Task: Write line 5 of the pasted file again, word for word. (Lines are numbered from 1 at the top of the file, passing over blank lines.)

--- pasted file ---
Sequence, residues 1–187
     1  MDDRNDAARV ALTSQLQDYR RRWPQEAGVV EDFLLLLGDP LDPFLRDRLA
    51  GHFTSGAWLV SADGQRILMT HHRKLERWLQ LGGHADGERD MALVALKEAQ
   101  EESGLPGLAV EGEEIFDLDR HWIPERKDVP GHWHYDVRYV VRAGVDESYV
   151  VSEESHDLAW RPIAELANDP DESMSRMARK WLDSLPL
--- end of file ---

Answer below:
   151  VSEESHDLAW RPIAELANDP DESMSRMARK WLDSLPL